In high-demand urban areas, underutilized industrial buildings may be suitable for live/work or experiential retail and mixed use. The San Francisco Ferry Building, shown above, is an example of an iconic property, obsolete for waterfront warehouse or commerce use, that was transformed into prime retail, dining, and community space.
Changes in consumer habits have led to the continuing need to reinvent retail and reposition older shopping centers. Consumers expect malls to provide experiences - including entertainment, dining, and gathering spaces - rather than just places to shop. This trend creates opportunities for department, apparel, and big box stores to be converted into programmable spaces, food halls, movie theaters, and exercise studios. In recent years, prior manufacturing properties have been successfully converted into creative uses; former hotel space has been turned into unique offices; and obsolete retail locations have become office space.
Recent opportunity zone legislation may spur additional adaptive reuse projects in areas that may not have received investor attention otherwise. The legislation helps communities seek investment in blighted or underserved areas of the country, increasing consideration of creative adaptive reuse investments. Because “substantial improvement” is required to realize opportunity zone tax benefits, repositioning obsolete buildings for new and better use could be on the rise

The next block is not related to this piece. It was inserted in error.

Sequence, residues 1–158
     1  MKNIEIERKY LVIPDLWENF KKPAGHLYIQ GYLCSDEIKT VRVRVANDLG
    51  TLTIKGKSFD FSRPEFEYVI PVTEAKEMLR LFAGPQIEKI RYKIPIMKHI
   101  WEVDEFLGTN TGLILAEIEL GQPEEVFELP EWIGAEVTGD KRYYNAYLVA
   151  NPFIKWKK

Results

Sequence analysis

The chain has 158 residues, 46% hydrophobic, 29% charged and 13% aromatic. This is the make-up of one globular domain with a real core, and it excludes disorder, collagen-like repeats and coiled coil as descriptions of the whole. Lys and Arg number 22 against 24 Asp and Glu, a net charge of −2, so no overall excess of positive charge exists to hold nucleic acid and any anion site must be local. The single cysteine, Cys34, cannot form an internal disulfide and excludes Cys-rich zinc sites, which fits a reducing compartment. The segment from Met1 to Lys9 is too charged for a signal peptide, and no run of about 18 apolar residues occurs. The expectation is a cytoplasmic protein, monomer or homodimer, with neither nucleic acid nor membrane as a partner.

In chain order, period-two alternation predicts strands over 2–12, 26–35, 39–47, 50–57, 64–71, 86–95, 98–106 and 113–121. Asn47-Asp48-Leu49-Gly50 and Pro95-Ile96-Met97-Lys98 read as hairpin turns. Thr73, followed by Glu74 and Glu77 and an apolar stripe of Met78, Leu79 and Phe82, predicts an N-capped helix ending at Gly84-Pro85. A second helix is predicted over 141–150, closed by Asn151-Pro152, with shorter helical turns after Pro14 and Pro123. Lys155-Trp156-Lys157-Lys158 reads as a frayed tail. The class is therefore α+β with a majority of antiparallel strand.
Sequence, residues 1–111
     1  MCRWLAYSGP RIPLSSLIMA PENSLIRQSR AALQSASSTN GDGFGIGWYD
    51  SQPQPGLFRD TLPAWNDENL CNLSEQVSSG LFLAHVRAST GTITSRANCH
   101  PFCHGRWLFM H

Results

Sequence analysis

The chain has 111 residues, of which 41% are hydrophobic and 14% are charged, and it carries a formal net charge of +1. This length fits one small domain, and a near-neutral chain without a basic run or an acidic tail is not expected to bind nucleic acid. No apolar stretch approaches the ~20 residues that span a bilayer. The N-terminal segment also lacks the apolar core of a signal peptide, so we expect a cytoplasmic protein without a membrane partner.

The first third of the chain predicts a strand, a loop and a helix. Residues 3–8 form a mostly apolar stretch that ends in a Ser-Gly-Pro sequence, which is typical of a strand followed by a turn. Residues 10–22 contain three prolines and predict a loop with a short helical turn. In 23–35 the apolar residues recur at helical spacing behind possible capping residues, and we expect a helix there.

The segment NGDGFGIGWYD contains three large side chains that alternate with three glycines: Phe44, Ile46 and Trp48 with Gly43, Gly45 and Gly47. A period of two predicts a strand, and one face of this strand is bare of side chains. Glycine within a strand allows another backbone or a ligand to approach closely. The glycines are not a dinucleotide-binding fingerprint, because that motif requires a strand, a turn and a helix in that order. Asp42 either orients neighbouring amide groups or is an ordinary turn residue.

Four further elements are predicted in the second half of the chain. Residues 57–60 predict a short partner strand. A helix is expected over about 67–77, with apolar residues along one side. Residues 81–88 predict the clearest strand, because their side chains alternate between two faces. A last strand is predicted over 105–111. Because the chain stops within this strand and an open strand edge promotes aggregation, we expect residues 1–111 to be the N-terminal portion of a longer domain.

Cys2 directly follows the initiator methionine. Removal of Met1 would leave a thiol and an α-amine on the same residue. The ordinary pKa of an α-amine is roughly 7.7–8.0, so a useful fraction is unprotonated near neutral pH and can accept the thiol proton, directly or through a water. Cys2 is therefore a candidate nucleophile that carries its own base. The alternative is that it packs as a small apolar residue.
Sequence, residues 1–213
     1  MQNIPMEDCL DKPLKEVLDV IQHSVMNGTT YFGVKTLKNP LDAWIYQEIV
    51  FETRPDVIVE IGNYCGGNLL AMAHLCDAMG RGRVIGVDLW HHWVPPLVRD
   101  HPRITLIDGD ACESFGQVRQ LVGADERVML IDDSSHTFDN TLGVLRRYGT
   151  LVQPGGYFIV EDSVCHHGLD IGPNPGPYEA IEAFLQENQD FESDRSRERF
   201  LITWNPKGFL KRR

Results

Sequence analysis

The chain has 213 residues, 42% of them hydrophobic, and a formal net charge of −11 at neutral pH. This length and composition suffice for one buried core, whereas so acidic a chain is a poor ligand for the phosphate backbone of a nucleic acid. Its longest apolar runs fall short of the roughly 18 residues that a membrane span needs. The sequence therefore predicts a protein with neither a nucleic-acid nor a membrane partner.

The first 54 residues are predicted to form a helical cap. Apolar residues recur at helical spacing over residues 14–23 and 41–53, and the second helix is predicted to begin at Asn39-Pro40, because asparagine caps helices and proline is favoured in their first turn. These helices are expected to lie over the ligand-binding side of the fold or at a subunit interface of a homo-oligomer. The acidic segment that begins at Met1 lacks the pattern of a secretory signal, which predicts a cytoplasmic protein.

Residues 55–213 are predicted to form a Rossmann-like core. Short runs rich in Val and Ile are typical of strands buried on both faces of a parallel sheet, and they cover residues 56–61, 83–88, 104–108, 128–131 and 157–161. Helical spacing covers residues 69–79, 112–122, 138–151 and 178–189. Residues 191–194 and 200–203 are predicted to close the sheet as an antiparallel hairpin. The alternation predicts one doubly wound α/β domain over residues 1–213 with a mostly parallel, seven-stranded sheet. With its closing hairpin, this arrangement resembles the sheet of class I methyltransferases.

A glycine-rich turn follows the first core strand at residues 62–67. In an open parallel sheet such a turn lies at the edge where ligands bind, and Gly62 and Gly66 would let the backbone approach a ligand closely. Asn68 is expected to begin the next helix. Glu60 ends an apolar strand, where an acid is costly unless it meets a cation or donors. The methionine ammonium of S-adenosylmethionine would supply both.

Feasibility analysis is critical in determining viability of any real estate investment. Given the unique challenges of repurposing an existing site, the feasibility process needs to be more rigorous for adaptive reuse, examining factors such as location, demographics, community needs, and zoning.
Beyond that of a typical building investment, attention is needed to assess whether general or specific plans govern uses and zoning of the property. Prospective investors must study the existing structure - its condition and foundation; mechanical, electrical and plumbing; and life-safety and accessibility.